(2004; 110 pages)
IV.2.6 Regional Competition Enforcement Mechanisms
A strong link exists between patent protection and anti-competitive behaviour in the pharmaceutical market since patents grant their holders monopoly privileges. There is a growing body of evidence that competition and, in particular, generic competition has a substantial impact on the prices of medicines.106 Monopoly prices resulting from patent protection as well as anti-competitive practices therefore need to be regulated for public health purposes. Intervention through regulatory and strong judicial institutions is necessary to curb anti-competitive behaviour due to the large concentration in the pharmaceutical industry where nearly 40 per cent of the estimated worldwide market for pharmaceuticals is held by 10 companies.107 This has largely been a result of a spate of mergers over the last several years. The mergers have been spurred by two conflicting policies. One is based on the idea that a certain size is required for investment in platform technologies, which can generally be shared across different programme research areas. The other, is based on the idea that it is not possible for one organization to own all the technology and that what is needed are companies that can pick and choose their business relationships by creating a critical mass of talent.
106 Abbott (2002), p. 16. Also see Abbott (2001) Annex A.
107 See IMS Health World Review (2002), IMS Market Report. Available at www.ims-global.com/insight/report/global/report.htm cited in Kaplan et al. (2003) p.10.
The pricing behaviour of these companies in such a concentrated market is one of the reasons that has fuelled the debate on intellectual property in relation to product patents for pharmaceuticals. More importantly, because of the concentration in the industry, taking action to deal with anti-competitive and other abusive behaviour by companies means that the government is going against very powerful entities. Such an undertaking requires high levels of investigative and negotiating sophistication, economic and political clout and strong judicial institutions. This is very difficult to achieve in small developing countries, which have neither the expertise in competition regulation nor the economic and political clout. Regionally, however, various possibilities exist that would enable such countries to address these challenges.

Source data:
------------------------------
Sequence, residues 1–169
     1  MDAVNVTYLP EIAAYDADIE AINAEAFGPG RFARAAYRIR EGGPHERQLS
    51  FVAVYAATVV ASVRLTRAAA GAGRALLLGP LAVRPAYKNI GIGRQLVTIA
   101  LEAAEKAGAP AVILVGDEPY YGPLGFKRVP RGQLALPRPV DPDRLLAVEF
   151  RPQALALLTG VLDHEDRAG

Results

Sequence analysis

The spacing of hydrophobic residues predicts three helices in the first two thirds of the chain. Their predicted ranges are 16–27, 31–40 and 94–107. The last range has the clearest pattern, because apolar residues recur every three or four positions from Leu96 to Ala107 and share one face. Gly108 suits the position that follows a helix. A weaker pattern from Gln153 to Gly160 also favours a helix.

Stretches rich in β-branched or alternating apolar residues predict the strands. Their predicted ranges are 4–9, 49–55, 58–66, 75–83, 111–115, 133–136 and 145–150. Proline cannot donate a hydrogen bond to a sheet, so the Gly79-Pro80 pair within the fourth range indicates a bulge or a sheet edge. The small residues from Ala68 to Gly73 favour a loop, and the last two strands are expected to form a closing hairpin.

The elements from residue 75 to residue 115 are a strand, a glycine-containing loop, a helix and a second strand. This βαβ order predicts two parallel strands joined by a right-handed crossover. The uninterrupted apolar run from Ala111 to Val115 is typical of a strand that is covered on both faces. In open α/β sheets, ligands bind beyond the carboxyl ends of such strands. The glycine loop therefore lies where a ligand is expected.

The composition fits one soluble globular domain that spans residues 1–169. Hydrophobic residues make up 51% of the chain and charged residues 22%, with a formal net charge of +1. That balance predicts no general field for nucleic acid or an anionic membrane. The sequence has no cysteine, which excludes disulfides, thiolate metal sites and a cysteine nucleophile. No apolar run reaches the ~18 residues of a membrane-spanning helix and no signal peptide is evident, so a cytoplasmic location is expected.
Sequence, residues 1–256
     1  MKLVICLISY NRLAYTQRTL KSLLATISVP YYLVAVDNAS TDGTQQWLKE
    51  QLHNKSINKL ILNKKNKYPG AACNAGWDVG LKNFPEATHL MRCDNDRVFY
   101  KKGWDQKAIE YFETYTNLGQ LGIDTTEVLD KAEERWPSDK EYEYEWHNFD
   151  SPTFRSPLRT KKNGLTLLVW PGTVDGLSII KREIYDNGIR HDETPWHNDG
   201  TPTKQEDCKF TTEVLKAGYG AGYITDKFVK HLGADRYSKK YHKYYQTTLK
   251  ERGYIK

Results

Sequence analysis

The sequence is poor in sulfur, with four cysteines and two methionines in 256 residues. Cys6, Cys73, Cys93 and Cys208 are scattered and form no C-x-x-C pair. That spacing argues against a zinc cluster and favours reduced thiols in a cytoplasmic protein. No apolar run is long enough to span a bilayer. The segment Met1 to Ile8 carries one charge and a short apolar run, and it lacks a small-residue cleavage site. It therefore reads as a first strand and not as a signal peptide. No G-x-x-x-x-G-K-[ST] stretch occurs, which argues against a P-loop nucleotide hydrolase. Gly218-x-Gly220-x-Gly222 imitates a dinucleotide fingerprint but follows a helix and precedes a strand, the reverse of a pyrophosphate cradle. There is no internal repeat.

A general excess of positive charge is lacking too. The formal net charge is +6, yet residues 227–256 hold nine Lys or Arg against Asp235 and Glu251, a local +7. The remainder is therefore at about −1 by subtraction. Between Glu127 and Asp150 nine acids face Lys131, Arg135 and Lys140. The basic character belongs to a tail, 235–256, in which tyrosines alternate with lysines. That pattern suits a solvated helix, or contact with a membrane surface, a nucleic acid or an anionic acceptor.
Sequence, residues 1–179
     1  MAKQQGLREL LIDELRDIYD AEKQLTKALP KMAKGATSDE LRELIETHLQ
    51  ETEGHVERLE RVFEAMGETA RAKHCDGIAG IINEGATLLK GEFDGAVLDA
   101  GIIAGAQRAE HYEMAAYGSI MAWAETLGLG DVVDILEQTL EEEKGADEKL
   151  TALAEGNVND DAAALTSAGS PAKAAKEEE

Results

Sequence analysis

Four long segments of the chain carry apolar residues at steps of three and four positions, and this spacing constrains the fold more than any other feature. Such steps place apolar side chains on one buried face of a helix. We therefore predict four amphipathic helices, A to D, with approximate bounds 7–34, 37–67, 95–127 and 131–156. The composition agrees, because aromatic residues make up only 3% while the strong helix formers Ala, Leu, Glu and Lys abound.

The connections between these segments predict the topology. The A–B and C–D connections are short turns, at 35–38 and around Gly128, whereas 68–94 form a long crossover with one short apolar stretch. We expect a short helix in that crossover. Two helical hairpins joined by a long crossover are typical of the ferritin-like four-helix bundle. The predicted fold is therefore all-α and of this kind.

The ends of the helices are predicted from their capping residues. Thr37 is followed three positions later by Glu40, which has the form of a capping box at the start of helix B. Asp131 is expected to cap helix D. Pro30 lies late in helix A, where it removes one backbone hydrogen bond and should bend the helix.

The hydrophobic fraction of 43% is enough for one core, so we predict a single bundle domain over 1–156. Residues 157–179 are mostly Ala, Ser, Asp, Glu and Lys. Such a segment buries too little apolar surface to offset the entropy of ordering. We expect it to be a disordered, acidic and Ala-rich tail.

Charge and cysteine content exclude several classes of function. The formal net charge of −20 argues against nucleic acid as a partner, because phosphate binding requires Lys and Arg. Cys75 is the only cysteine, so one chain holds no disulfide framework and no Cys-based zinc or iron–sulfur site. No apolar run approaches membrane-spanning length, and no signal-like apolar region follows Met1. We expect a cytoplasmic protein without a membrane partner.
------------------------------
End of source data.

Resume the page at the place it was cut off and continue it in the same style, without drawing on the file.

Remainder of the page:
The existing RECs provide a basis for developing countries to carry out joint investigations into the business practices of pharmaceutical companies generally and their use of their market power. By establishing regional mechanisms for this purpose, countries would have better information through sharing and would also share their expertise. Where training or technical assistance is needed the cost would also be lower. A regional approach would also provide a framework through which countries such as South Africa, which has already undertaken competition enforcement action against pharmaceutical companies, could share their experiences.
The various RECs in Africa, Latin America and the Caribbean and Asia have institutional frameworks through which such a mechanism can be operationalized. At the same time, all the major RECs in Africa and Latin America and the Caribbean have regional courts and or regional dispute settlement mechanisms. In Africa, all the four main regional economic communities together with the AEC establish courts of justice or tribunals fairly along the lines of the European Court of Justice. Enforcement action can therefore be undertaken through administrative procedures, and where necessary, through court procedures. Such a mechanism could also be tailored to improve general information sharing in the region in relation to pharmaceutical markets, price and patent status of various pharmaceutical products.
Competition enforcement is critical in ensuring a competitive pharmaceutical industry both in terms of lowering prices and ensuring availability of essential medical products. Because of lack of expertise and the necessary economic and political clout in individual developing countries, they should utilize RECs to enforce competition rules. There are particularly important benefits to be gained in terms of undertaking joint investigations and information exchange. Existing RECs already have an institutional framework that can be adapted to establish mechanisms for regional competition enforcement.